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Chrysanthemum is a perennial plant and member of the Asteraceae or sunflower family. Other names of this plant include Chrysanthemum indicum (Ye Ju Hua herb), Hardy Garden Mum, Crisantemo, Florist’s Daisy, Hang Bai Ju, and more. Chrysanthemum is appreciated as an ornamental garden plant. The flowers are grown indoors as an aid to clear the air.
The Chrysanthemum was first cultivated in China as a flowering herb and is described in writings as early as the 15th century BC. In fact, their pottery depicted the Chrysanthemum much as we know it today. As an herb, it was believed to have the power of life. Around the 8th century AD, the Chrysanthemum appeared in Japan. So taken were the Japanese with this flower that they adopted a single flowered Chrysanthemum as the crest and official seal of the Emperor.
The Chrysanthemum was first introduced into the Western world during the 17th century. In 1753, Karl Linnaeus, reknowned Swedish botanist, combined the Greek words “chrysos”, meaning gold with “anthemon”, meaning flower. Linnaeus was the founder of that branch of taxonomy dealing with plants and including the science of classification and identification. Experts say this is probably an accurate description of the ancient species, as it also points out the mum’s need for sunlight. The earliest illustrations of mums show them as small, yellow daisy-like flowers. And it is collected in batches between September and November, especially when flowers bloom.
Some of the first written Chinese texts have recorded using Chrysanthemum. The Flower was traditionally used in Traditional Chinese Medicine (TCM) to support healthy digestion, as a gentle nervine and for its lubricating, yin-nourishing effects. It is also employed in this traditional practice to disperse wind, clear heat, and soothe the liver. TCM uses Chrysanthemum in much the same way western folk herbalists use Chamomile. Both have similar uses for calming indigestion and the spirit. Also, Chrysanthemum tea is widely popular in China and the flower can also be found in carbonated sodas or combined with Licorice Root. Furthermore, in Asian cuisine, Chrysanthemum leaves are sautéed and added to vegetarian dishes.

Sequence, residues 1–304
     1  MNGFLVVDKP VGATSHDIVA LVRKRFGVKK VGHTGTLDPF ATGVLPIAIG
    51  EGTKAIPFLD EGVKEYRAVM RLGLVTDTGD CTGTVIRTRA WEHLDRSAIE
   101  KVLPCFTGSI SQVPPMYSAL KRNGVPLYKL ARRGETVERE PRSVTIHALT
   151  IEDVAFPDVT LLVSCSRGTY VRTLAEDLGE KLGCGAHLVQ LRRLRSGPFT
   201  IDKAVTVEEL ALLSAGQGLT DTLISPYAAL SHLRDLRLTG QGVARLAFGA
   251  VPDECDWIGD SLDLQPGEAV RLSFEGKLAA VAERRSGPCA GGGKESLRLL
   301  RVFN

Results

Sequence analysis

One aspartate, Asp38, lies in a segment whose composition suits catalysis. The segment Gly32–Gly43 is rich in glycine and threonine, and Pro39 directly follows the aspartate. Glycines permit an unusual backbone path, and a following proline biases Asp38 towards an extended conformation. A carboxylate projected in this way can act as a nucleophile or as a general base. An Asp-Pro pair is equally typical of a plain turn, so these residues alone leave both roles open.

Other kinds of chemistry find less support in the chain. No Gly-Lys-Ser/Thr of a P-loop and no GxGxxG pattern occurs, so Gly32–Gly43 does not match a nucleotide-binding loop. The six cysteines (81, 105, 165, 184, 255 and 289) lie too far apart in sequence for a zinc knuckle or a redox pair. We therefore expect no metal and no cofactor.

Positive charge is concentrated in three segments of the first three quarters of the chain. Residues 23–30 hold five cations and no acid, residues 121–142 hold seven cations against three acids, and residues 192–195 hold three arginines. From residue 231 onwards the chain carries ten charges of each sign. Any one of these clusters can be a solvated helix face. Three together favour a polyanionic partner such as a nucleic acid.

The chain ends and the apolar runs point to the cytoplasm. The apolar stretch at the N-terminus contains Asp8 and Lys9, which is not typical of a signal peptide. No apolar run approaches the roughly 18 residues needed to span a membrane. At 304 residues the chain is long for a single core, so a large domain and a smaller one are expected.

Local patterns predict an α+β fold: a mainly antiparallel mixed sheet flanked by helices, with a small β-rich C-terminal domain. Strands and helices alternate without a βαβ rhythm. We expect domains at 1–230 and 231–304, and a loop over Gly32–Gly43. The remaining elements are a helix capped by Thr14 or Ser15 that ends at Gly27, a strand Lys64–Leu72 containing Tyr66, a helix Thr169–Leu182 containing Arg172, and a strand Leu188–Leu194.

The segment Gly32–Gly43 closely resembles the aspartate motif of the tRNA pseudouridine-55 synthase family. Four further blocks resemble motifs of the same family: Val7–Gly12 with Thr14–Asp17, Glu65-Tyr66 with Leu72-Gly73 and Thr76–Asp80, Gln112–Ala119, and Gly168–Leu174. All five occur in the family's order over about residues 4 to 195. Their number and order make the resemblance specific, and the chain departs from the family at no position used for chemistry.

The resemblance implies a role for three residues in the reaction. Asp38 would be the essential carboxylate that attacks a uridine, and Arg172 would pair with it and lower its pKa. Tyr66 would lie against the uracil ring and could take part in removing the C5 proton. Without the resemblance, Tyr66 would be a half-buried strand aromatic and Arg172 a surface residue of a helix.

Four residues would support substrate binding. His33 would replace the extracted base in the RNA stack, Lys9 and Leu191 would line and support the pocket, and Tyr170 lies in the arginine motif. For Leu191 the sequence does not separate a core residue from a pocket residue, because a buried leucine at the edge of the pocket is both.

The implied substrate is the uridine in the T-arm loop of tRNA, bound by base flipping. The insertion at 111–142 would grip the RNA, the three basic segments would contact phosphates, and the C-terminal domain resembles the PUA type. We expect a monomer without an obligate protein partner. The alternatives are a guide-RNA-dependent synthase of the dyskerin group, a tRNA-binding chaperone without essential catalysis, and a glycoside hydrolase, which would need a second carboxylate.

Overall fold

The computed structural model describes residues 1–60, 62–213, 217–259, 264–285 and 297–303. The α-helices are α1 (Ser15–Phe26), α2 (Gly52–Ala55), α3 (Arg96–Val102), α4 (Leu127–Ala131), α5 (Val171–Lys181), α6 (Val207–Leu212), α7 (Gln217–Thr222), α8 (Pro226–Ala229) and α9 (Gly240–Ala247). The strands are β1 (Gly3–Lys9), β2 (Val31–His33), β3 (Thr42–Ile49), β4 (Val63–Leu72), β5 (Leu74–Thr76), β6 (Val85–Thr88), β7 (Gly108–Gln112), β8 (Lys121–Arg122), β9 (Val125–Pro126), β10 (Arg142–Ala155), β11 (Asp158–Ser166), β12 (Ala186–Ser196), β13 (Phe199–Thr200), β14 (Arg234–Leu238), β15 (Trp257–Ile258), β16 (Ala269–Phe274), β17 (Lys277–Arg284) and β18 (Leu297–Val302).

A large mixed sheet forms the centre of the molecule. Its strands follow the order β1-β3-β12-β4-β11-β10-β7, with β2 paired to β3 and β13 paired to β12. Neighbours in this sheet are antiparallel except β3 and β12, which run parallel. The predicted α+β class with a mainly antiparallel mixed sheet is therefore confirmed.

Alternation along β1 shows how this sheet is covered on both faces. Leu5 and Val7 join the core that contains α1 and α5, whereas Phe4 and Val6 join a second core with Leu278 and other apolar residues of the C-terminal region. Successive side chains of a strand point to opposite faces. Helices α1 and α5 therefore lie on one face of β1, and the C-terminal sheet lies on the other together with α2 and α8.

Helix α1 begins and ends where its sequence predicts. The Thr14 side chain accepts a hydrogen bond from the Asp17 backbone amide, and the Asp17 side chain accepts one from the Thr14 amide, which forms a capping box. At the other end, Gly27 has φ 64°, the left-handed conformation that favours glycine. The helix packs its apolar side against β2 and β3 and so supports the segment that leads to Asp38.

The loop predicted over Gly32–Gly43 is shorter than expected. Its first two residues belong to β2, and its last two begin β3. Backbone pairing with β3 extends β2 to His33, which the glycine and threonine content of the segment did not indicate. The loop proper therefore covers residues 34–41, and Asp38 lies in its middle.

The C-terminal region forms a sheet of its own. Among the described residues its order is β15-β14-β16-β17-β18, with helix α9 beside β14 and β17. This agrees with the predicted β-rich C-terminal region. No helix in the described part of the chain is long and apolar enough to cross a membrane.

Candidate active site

In the Ayurvedic tradition, Chrysanthemum has an affinity for the head and cooling effects on the mind. In India, Chrysanthemum petals are occasionally combined with Rose Petals for an agreeable floral taste.
Chrysanthemum flowers are most popular as a tea, either drunk alone, or blended with botanicals. The infusion is typically drunk warm after meals or as a refreshing iced beverage during warm weather. Chrysanthemum can also be powdered and blended into homemade face masks, cleansers, toner, and various other skin and body care products.
The taste and energetics of Chrysanthemum are sweet, bitter, cooling and is both moistening drying to the tissues. Chrysanthemum has an affinity towards the digestive system, lungs, liver, spleen, kidneys, nervous system, eyes, immune system and cardiovascular system. Combine Chrysanthemum with Elderflower, Calendula or Chickweed for their cooling properties as an external wash for the eyes or skin. To clear liver heat combine Chrysanthemum with Oregon Grape, Dandelion Root or Greater Celandine.
How to use:
1 teaspoon of Chrysanthemum Flowers to one cup of boiling water. Steep for 15 minutes, strain and drink up to three cups a day.
Use as a poultice, wash or bath. Can be used topically as an infused oil or salve.
Cautions & contraindications:
It is contraindicated with blood pressure medication. Use during pregnancy and lactation is not well-researched. There are rare cases of allergic reaction to Chrysanthemum.
This information is for educational purposes only and is not intended to diagnose, treat or cure any disease or illness. Please consult your health care provider prior to the use of this product if you are pregnant, nursing, taking medications or have a medical condition. Individual results may vary.
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